Today’s blog article has kindly been provided by Ryan Compton, Director of Centre for Resolution, and is the final instalment in the four part series on the process of employing someone with a disability.  (His previous article can be found here).  

Ryan writes:

“Wow we are finally here in the last part of the series. I have really enjoyed doing these blogs and hopefully you have enjoyed reading them. So far we have covered what is a disability, legislation including the Equality Act 2010, what is a reasonable adjustment, how to recruit disabled people and how we employ them.In this blog post, we are going to look at retaining employees with disabilities and ways in which we can support them whilst in the workplace.

Internal or external support for employees with disabilities

Some organisations are already considering alternative ways to support their employees. This could be for example counselling services, whether it is in-house or signposting to external providers, generic workplace coaching or sourcing the best technology to ensure our employees are at their maximum productivity. Some organisations stop at this level of support and don’t strive to do more.

I have always wondered why?

If we need to upgrade our computers to ensure maximum performance it is not something that we would hesitate to do. However when it comes to engaging with specialists that understand the world of disability, some organisations don’t see the benefits of utilizing this type of support. More often than not it is not even something they have considered. Take two examples of specialist mediation and specialist coaching. If you have an employee who has a dispute in the workplace around their disability, then an expert with a conflict resolution and disability background would be best placed to find resolution. Similarly with specialist coaching, if organisations were to use generic workplace coaching for their disabled employees they may not get the results they wanted. By using a specialist disability coach the employee would be able to explore their limitations rather than focusing on explaining their disability.

An expert in disability would be aware of the solutions and the potential barriers and would also have a natural empathy for those they support, as it is the area that they work in. Likewise with internal disputes some firms may use an internal resource or reach out to an external provider. If you are going to invest in using a resource in reaching out to a provider to resolve internal conflicts or support with better communication, why not reach out to a specialist who understands disability within the mediation field?

Regular reviews

Reviews are an ongoing process for all employees. Maybe with your colleagues who have disabilities having reviews more often would be beneficial for all. Colleagues with disabilities would be able to talk about issues they may be facing in regard to their disability whilst at work, and this would also provide the colleague with a natural opportunity to discuss their feelings. Some disabled people have a lot of pride and do not wish to ask for support whilst on the other hand some disabled people do not wish to raise that there is an issue with their work in regard to disability, as they fear they will lose their job.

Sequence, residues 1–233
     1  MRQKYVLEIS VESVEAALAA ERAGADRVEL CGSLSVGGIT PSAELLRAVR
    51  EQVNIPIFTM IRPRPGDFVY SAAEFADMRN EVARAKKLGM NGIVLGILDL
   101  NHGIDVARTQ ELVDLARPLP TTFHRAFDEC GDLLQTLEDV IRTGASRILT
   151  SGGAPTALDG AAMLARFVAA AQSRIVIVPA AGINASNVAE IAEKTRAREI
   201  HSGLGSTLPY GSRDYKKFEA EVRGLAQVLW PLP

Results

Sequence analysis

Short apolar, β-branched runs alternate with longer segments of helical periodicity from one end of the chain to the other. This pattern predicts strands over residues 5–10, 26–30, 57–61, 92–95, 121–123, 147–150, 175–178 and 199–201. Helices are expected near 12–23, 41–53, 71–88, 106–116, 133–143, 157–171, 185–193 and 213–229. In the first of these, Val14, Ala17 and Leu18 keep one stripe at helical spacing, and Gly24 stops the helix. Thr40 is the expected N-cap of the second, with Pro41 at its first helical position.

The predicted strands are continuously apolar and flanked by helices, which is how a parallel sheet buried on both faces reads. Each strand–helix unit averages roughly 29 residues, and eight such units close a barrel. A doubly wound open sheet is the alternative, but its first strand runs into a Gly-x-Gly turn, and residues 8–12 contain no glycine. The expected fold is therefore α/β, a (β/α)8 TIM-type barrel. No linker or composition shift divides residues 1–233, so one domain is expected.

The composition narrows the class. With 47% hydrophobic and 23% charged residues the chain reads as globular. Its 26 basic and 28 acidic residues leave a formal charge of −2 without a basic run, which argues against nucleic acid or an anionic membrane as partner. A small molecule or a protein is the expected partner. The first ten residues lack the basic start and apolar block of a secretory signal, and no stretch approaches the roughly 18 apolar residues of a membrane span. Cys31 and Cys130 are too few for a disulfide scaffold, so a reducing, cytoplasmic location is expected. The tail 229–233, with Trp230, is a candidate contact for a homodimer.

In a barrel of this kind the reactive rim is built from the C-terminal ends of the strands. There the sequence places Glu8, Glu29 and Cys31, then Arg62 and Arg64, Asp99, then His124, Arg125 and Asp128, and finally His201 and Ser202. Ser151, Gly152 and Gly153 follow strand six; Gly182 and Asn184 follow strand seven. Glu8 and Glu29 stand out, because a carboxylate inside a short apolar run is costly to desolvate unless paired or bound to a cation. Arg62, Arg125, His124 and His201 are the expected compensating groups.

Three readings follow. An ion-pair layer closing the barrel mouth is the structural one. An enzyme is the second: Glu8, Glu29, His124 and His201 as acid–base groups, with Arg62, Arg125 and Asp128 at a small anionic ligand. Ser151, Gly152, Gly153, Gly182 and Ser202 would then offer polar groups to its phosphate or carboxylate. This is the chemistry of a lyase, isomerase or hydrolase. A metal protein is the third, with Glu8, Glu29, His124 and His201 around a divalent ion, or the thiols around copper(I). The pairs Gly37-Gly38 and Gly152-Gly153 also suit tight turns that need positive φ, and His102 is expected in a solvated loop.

The fact that you and your employee are having regular reviews will help to build trust and rapport and ultimately a stronger relationship going forward.  For example if the employee with a disability is struggling to carry out their full job role, rather than them giving up and thinking oh I can’t do this anymore, they may actually come to you for your support. This would then in turn mean the employee would keep their job because they have the support to enable them.

The need for on-going training

My final point in this blog is on-going disability awareness training. Often organisations think we’ve done it once we don’t need it again, but actually this is very far from the truth. On-going disability awareness training is vital to ensure employees are supported. In the disability sector there are usually lots of changes to legislation, new ideas for reasonable adjustments or changes to terminology that usually organisations miss. However this is the very reason that we suggest organisations have ongoing disability awareness training.

So that about wraps it up for our final blog. We really do hope you have enjoyed them. If you have any questions regarding any of the information or you need support with a colleague/s who has disabilities please don’t hesitate to get in touch.

We have also written another blog about workplace discrimination and disability awareness training; if you would like to read more click here.”

Thank you Ryan for this informative series of articles!  If you have any comments or thoughts on how we could, as a profession, ensure we attract and retain talented employees with disabilities, please get in touch.

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